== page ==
Huh! Martial arts, not soccer!
Posted: 4 January 2010 Time: 1:37 pm
In his heyday, Argentine legend Maradona was the most feared, and consequently, the most marked midfielder in the game.
It was often a thankless and unpleasant job, marking the Argentine wizard, but someone had to do it.
One of these sturdy enforcers, who instantly gained criticism for his no-nonsense bone-crunching tackles, was Huh Jung-moo, the current South Korean national team coach, who was assigned to mark Maradona in the 1986 Fifa World Cup in Mexico.
The Taeguk Warriors lost 3-1 in the opening match but not before Huh had acquitted himself with bone-crunching slides, which kept Maradona, somewhat, in check.
The bundle of energy in the light blue and white was constantly on Huh’s radar and discouraged from scoring with his martial arts style of rough defence.
It must have been some wall Maradona ran smack into because the player, who is still considered by some as the greatest player on earth, still remembers Huh.
“I remember Huh very well, of course,” Maradona recently told the Argentine media, after Korea Republic were drawn with Argentina, Nigeria and Greece for next year’s Fifa World Cup.
“In 1986, the Koreans played taekwondo, not football against us. I still remember Huh.”
The day was June 2, 1986, and the action was centred on the Mexico Olympico Stadium, all eyes were on Maradona. But the focus quickly changed to Huh, who made his presence felt early into the match.
Even a modest advance in his own half by Maradona was treated by Huh as a life-and-death situation, prompting another crunching tackle.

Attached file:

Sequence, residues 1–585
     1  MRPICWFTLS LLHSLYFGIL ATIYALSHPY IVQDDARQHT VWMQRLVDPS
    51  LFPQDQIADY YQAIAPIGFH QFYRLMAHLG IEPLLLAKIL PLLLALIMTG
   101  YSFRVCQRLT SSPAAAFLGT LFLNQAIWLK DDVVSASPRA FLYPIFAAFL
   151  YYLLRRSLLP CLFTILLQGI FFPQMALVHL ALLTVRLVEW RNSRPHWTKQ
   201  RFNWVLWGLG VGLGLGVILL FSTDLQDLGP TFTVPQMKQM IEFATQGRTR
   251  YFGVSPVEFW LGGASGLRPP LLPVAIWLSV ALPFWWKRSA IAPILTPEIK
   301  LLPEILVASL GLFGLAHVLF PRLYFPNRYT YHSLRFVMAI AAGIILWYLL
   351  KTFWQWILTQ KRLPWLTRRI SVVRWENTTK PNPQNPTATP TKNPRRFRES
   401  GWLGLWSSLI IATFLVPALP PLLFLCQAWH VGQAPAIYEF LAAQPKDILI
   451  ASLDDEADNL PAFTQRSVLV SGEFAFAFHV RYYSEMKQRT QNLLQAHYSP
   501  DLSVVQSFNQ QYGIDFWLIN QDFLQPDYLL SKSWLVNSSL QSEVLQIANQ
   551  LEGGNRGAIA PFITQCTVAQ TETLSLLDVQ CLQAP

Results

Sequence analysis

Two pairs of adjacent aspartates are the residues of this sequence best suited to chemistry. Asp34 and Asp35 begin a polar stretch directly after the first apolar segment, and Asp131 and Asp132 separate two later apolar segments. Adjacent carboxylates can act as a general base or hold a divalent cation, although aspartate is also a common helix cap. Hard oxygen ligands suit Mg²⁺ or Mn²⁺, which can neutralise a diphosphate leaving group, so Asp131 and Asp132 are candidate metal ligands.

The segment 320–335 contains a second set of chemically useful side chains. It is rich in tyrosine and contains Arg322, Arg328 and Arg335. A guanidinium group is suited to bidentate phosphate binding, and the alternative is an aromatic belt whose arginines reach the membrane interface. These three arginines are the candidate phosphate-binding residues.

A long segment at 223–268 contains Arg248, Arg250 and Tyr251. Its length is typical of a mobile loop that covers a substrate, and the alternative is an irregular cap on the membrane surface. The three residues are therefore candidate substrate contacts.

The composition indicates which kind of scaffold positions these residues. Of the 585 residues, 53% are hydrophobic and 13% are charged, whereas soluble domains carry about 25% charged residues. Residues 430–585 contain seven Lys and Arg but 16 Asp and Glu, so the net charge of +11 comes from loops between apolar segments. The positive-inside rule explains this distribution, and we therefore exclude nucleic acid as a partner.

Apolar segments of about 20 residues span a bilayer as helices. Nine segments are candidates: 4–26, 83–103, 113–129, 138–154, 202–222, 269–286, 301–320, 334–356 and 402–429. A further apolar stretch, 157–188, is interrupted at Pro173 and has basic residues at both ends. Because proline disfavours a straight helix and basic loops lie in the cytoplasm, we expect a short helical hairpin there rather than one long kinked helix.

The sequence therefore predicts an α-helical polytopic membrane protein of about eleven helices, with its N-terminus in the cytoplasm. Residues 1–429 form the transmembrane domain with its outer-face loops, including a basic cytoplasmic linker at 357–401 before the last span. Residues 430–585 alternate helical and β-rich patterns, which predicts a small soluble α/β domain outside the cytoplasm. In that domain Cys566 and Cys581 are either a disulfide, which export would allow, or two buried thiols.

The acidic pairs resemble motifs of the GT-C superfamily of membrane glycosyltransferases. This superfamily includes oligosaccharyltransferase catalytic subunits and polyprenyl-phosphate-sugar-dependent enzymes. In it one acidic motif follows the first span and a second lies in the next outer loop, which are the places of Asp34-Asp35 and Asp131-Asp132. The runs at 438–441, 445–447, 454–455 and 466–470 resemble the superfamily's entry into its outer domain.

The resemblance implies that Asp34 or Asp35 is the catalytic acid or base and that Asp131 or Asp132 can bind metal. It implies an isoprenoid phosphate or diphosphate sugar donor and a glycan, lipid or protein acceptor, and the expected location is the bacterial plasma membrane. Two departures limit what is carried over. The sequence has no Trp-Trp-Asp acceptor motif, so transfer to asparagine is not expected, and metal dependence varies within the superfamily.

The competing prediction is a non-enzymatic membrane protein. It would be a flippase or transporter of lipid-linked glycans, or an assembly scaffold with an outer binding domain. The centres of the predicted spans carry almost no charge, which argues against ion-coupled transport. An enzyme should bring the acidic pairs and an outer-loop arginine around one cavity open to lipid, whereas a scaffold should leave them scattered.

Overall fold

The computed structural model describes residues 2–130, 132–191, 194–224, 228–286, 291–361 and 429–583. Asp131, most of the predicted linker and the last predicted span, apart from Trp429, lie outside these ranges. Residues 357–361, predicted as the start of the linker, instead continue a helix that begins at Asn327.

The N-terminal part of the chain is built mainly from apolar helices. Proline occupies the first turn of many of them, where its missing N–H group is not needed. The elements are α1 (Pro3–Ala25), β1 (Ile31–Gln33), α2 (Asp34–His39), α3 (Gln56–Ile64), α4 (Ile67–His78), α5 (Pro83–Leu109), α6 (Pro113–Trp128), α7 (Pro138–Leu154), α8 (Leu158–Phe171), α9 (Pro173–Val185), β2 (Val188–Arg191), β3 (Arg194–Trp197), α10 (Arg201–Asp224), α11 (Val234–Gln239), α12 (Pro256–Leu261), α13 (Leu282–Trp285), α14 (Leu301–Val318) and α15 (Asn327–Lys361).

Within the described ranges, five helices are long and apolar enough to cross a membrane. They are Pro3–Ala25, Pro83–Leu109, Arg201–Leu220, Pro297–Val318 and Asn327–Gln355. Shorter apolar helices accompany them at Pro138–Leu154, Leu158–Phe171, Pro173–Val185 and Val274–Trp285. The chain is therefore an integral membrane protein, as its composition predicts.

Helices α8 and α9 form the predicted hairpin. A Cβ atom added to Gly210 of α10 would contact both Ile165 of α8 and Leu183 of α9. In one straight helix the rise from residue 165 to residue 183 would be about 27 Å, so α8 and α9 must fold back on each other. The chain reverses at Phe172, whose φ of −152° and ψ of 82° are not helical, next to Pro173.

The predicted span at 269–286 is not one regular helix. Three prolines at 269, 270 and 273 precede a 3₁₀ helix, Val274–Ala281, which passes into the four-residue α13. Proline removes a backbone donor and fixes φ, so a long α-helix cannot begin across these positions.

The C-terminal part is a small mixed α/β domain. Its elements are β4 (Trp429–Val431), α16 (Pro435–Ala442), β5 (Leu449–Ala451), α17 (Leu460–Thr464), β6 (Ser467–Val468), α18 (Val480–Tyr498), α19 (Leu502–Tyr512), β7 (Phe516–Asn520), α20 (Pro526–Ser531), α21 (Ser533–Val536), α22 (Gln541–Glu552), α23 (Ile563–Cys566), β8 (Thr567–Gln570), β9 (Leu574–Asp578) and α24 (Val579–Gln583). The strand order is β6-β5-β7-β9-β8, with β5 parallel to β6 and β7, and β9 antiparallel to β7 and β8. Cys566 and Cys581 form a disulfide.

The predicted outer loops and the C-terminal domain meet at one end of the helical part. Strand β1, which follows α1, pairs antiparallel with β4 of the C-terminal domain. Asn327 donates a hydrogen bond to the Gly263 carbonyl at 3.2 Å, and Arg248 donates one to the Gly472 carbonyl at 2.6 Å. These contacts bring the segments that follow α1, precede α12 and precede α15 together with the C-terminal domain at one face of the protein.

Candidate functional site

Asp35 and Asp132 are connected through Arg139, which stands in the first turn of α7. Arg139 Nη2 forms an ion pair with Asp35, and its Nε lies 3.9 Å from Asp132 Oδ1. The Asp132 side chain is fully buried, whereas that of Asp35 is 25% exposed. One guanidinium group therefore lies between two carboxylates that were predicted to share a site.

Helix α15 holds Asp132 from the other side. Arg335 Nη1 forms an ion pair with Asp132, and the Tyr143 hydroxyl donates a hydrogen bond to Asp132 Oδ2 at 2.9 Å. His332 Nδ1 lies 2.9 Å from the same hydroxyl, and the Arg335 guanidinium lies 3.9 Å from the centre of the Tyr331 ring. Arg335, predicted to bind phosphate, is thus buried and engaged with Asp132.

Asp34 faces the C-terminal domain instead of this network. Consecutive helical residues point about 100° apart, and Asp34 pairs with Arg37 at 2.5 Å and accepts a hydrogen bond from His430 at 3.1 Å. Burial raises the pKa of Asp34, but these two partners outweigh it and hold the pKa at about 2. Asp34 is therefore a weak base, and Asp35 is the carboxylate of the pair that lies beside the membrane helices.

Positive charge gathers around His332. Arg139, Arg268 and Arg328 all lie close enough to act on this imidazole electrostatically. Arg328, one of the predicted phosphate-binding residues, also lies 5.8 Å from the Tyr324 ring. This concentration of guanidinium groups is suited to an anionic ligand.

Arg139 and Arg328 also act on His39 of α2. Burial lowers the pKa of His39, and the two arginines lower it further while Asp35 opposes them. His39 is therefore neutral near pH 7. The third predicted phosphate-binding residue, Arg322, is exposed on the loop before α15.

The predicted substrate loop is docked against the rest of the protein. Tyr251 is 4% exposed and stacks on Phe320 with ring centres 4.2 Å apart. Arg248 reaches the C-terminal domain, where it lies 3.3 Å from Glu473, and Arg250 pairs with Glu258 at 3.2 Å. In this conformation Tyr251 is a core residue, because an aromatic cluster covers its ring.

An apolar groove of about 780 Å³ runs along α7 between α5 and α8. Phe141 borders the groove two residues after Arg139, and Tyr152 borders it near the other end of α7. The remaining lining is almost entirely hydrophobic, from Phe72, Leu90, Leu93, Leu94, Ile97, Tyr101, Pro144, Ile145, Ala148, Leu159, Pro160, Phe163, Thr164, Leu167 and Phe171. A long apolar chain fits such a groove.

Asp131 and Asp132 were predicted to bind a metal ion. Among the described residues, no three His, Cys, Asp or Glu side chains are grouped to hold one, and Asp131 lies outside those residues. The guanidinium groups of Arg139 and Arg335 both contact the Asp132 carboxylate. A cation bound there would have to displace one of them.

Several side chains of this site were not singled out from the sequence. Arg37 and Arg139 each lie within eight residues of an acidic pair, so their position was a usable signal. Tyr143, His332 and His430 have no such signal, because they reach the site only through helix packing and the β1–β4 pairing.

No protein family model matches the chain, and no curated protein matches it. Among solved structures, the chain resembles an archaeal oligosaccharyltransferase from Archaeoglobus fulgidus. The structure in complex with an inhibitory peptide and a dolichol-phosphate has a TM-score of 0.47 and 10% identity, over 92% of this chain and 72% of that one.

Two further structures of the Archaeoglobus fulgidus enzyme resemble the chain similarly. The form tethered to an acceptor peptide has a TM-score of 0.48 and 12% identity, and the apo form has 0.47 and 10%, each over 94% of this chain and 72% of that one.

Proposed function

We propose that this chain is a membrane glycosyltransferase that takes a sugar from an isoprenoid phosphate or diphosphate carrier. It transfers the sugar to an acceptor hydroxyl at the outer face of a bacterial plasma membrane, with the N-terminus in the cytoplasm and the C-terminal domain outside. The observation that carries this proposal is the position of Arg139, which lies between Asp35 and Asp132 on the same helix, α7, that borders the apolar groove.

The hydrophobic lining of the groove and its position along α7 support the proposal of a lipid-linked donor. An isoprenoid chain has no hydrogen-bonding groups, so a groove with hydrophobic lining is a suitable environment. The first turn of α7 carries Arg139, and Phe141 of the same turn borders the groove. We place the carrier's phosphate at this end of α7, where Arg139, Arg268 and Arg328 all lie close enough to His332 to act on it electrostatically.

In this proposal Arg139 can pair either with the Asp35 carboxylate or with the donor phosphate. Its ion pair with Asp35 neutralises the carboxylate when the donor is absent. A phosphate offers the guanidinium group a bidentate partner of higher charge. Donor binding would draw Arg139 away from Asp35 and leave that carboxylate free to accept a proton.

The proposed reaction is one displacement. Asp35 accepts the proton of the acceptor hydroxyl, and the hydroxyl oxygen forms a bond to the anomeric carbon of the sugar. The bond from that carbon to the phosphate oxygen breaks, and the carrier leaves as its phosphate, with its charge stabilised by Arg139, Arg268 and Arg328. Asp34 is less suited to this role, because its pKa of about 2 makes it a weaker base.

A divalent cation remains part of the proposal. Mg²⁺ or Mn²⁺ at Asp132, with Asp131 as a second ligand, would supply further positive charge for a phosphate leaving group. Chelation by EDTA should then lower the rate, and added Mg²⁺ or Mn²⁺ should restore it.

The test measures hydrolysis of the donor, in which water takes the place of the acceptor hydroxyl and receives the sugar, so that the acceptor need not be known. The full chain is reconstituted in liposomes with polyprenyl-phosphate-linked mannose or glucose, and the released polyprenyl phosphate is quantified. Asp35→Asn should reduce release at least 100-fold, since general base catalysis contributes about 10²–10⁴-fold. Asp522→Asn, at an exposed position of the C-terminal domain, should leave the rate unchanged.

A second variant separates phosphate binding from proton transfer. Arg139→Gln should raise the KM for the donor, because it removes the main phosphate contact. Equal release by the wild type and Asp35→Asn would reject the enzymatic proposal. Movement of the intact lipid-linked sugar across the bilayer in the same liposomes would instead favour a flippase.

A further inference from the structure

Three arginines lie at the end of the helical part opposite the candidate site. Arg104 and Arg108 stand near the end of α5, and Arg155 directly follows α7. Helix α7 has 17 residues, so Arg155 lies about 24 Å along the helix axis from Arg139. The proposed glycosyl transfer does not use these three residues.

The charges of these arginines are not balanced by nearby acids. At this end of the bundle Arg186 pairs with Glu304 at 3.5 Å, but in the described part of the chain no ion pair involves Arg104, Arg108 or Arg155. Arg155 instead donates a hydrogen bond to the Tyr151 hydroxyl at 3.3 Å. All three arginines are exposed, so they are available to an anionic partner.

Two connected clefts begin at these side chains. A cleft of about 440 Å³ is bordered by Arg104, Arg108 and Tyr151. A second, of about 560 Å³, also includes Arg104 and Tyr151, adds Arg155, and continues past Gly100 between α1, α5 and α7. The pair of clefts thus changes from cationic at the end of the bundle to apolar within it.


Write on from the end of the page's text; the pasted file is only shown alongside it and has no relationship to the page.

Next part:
The South Korean, who played for Dutch giants PSV Eindhoven from 1980-83, kept his slippery quarry in his unblinking sights for the full 90 minutes, completely tying the genius down.
Maradona was reduced to supplying his team mates.
Three pin-point passes, however, from Maradona resulted in three goals - two by Jorge Valdano and one by Ruggeri. Park Chang-sun pulled one back for the Koreans.
The hard man methods adopted by Huh found little favour among the football writers then, for whom Maradona was the epitome of everything that is good in football.
Maradona’s ‘Hand of God’ goal against England, however, quickly brought disgrace on him but it did little to detract from the enigma he was.
Huh and the South Koreans were roundly derided for playing ‘taekwondo’ and not the beautiful game.
But the Korean coach - unrepentant - says he would do it all over again, the same way, tackle for tackle, run for run, if he was pitted against Maradona.
“If I am asked to play Maradona and Argentina again, I will do the same thing. I don’t want to give them an easy win. I will stop them. I will fight them.”
For the 2010 Fifa World Cup, Maradona, leading a charmed life as the coach of Argentina, and Huh, who guided his team to their seventh World Cup finals, will be in the opposite benches and when the two shake hands, it won’t be without a feeling of déjà vu.
“Argentina is one of the best teams in the world,” says Huh.
“Even though they had a tough time in the qualifying rounds I don’t think anybody can take them lightly. If you see the Argentine stars, they are certainly superior to us.”
Huh is ready to take a leaf out of his own experience when the two sides face each other. “We will try to cut down their speed and reduce their tempo. Counter-attacks are crucial. They will be the key.”
It could well be taekwondo all over again.